The director of a Vancouver non-profit urban-agriculture group suggests that the eat-local movement may have reached a new tipping point.
“There is definitely a buzz and an interest,” observes City Farmer’s Michael Levenston. “We are busy seven days a week; our classes are full, our phone is ringing. There is certainly a great interest generated in city farming and urban agriculture.”
“Someone here said, ‘This is trendy,’ and trendy can be a good thing,” adds Levenston. “There may be a new generation of food gardeners, and I think that’s very exciting.”
Salt Spring Seeds owner Dan Jason is equally stoked to be riding the home-grown wave. Jason has completely sold out his stock of “Zero Mile Diet” seed kits — a collection of bean, grain, and other seeds tailored to help this region’s people grow most of their own food.
I have to admit, zero mile diet rolls off your tongue a bit better than 10m diet. Besides, the 10m diet does exclude our neighbours to the south.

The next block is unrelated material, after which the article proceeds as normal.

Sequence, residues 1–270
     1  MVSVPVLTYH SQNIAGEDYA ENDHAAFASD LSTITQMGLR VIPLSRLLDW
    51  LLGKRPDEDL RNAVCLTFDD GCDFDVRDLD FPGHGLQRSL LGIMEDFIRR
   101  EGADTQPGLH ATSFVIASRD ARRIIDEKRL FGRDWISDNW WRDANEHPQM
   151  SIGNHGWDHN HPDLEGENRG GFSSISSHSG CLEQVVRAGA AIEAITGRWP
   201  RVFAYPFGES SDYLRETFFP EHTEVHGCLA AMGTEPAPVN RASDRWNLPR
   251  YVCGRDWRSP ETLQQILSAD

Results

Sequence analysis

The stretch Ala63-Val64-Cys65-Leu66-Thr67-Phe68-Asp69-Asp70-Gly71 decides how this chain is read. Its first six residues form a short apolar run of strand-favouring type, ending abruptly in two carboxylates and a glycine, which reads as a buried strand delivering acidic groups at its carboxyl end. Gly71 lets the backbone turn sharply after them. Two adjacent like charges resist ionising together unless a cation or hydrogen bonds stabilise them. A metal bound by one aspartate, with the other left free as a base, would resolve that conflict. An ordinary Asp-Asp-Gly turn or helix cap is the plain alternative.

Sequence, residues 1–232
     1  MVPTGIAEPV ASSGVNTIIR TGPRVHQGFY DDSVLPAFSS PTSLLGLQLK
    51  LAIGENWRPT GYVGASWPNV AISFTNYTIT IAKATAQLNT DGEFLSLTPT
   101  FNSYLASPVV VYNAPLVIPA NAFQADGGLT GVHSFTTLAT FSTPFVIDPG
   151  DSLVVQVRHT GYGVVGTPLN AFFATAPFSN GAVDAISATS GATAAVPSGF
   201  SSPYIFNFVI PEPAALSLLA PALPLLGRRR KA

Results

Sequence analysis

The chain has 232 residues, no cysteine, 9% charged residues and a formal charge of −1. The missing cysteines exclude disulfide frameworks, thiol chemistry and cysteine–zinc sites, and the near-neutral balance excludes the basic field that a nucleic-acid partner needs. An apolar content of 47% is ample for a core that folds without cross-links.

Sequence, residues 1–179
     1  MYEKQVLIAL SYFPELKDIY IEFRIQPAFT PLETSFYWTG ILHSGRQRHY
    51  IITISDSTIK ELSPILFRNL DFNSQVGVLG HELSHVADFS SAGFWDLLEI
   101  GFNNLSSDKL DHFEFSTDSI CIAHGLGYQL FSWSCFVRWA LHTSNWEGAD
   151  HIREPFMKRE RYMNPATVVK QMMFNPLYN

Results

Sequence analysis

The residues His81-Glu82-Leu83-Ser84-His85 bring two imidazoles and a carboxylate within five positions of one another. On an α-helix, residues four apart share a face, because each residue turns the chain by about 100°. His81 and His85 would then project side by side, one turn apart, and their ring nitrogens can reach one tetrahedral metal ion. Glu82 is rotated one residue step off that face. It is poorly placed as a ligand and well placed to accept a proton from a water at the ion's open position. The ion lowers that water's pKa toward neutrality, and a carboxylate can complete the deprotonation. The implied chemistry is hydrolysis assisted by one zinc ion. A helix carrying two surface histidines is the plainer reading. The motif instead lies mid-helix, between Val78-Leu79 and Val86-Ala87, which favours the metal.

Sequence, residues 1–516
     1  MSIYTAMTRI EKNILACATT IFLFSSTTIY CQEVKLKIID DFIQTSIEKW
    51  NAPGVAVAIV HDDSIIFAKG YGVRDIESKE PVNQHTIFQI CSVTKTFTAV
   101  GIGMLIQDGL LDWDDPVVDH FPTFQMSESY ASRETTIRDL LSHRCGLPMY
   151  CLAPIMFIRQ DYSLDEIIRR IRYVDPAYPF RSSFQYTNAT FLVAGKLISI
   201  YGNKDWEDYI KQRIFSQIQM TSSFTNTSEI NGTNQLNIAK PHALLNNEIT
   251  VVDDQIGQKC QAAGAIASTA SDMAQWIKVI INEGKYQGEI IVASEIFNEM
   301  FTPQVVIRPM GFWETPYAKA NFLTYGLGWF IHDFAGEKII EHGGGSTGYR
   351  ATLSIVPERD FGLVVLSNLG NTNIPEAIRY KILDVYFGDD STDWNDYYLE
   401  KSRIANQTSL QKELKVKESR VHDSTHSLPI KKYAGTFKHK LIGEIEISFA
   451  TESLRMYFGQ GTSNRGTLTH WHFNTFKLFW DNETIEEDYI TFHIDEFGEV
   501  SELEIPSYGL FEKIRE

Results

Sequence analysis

I guess “zero mile diet” does roll of the tongue a little easier than my 10m diet, and the zero mile diet does prevent us from excluding our fare neighbours to the south.
Anyways, the notion that a younger generation is taking responsibility for their own food (i.e. gardening) sort of brings a nice, warm feeling inside – sorta like a mix of the warmth from when you were 10 years old and your great grandfather gave you a shot of 40proof Russian vodka to “clear you cold”, and the feeling of a big glass of milk in your lactose-intolerant stomach – well, likely neither of them, but definitely a warm feeling somewhere in between; that, I am sure of.